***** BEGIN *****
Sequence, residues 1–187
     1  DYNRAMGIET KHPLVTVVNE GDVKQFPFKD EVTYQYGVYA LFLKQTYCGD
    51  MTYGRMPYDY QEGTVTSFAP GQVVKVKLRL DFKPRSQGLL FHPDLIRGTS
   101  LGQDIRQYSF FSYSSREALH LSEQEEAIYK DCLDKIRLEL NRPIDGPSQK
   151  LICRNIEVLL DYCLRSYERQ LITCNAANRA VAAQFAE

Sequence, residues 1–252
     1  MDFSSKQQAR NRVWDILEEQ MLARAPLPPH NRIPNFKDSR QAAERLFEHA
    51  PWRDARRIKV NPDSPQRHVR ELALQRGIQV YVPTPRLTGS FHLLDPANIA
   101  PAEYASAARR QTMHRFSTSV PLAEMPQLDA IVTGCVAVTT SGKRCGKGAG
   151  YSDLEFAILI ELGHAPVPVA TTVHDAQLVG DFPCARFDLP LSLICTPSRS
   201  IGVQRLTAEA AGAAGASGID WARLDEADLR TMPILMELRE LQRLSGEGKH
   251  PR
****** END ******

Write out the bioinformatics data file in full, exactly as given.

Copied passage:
Sequence, residues 1–187
     1  DYNRAMGIET KHPLVTVVNE GDVKQFPFKD EVTYQYGVYA LFLKQTYCGD
    51  MTYGRMPYDY QEGTVTSFAP GQVVKVKLRL DFKPRSQGLL FHPDLIRGTS
   101  LGQDIRQYSF FSYSSREALH LSEQEEAIYK DCLDKIRLEL NRPIDGPSQK
   151  LICRNIEVLL DYCLRSYERQ LITCNAANRA VAAQFAE

Sequence, residues 1–252
     1  MDFSSKQQAR NRVWDILEEQ MLARAPLPPH NRIPNFKDSR QAAERLFEHA
    51  PWRDARRIKV NPDSPQRHVR ELALQRGIQV YVPTPRLTGS FHLLDPANIA
   101  PAEYASAARR QTMHRFSTSV PLAEMPQLDA IVTGCVAVTT SGKRCGKGAG
   151  YSDLEFAILI ELGHAPVPVA TTVHDAQLVG DFPCARFDLP LSLICTPSRS
   201  IGVQRLTAEA AGAAGASGID WARLDEADLR TMPILMELRE LQRLSGEGKH
   251  PR